Does Having Pain Threaten the Rest of Our Health?

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How bad is the experience of pain on our overall general health? Do chronic pain problems like arthritis, fibromyalgia, and back pain predispose us to developing other health problems like heart disease, strokes, or diabetes? Based on my clinical experience of treating pain for 17 years, I am convinced that pain has a significant but overlooked impact on the incidence of other seemingly unrelated diseases. For years now I have been treating new patients who come in and tell me things like they never had blood pressure problems until they got injured or that they have gained 20 pounds since being in pain. In fact, they are often shocked at how high their blood pressure readings are when we check them in the clinic. Experiencing pain seems to put a huge stress on our bodies’ systems that may lead to the eventual development of other significant chronic diseases. Unfortunately, how chronic pain may impact general health is something that is still poorly understood and requires a lot more in the way of research.

Interesting new research on this topic was recently published in the journal Pain by the Department of Neurology from Oslo University in Norway. They looked at the relationship between migraine headaches, cardiovascular disease, and metabolic syndrome, and one of the great things about their report is that they followed a large group (approximately 20,000 people) over a period of eleven years. It is estimated that migraine headaches affect 6% of men and 18% of women and about one third of migraine sufferers also experience aura. An aura is typically a visual sensation like flashes of light, blind spots, or feelings of tingling somewhere on the body that precede the onset of the migraine. Metabolic syndrome is a cluster of conditions including hypertension, abdominal obesity, high cholesterol, and impaired glucose tolerance that increases the risk of developing heart disease, strokes, and diabetes.

Past studies have found that those who experience migraines with aura are at an increased risk for having a stroke or a myocardial infarction (heart attack). Other studies found a connection between migraines and reduced sensitivity to insulin. Our new study from Norway found that those who experience migraine headaches with aura to be at a substantially higher risk for also developing metabolic syndrome, while patients with migraines without aura or patients with non-migraine headaches (like tension headaches) to be at a moderate risk for metabolic syndrome. One of their discoveries was that migraine sufferers who smoked had the greatest risk of all for metabolic syndrome and cardiovascular disease.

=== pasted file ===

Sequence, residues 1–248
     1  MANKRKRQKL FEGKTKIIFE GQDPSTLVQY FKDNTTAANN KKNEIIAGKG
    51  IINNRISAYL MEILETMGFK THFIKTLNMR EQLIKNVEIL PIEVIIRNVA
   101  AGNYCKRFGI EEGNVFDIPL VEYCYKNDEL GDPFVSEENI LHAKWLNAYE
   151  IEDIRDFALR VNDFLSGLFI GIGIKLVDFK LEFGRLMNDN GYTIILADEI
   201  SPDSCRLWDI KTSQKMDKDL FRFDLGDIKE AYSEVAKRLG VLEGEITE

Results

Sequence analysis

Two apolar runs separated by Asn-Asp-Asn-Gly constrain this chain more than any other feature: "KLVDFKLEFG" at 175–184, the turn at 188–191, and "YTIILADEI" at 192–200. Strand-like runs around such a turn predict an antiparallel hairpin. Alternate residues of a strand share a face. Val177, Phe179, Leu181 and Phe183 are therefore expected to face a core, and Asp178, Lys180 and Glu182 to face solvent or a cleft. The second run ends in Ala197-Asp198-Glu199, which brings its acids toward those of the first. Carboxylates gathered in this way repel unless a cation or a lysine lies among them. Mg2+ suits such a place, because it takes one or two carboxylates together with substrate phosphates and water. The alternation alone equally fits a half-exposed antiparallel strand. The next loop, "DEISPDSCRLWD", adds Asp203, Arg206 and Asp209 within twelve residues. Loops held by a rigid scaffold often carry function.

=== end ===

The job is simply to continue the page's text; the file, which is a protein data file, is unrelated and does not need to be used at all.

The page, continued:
Most people with migraines usually start to experience them at an early age and most have had their first before age 40; however, cardiovascular diseases like strokes and myocardial infarctions usually occur later in life. Now we see that the presence of metabolic syndrome in younger migraine patients may turn out to be a big red flag for a life-long increase in the risk for experiencing a dangerous or life-threatening stroke or heart attack. Metabolic syndrome is often correctable with lifestyle changes, like diet and exercise, which lead to reductions in blood pressure, body weight, and better insulin function. This suggests that all migraine sufferers should also be assessed for the presence of metabolic syndrome with consideration for taking specific actions to overcome it. Hopefully, future research will shed light on whether eliminating metabolic syndrome earlier in life can be preventative for life-threatening cardiovascular events, but certainly smoking cessation appears to be a critical step which is not surprising.


James's picture

My sister has had migraines since sometime in her 30s. I'm definitely sharing this article with her.
Alexis's picture

Now I'm at greater risk for a heart attack since I have migraines? Uh oh. I'd better talk to my doctor about what I can do about this!

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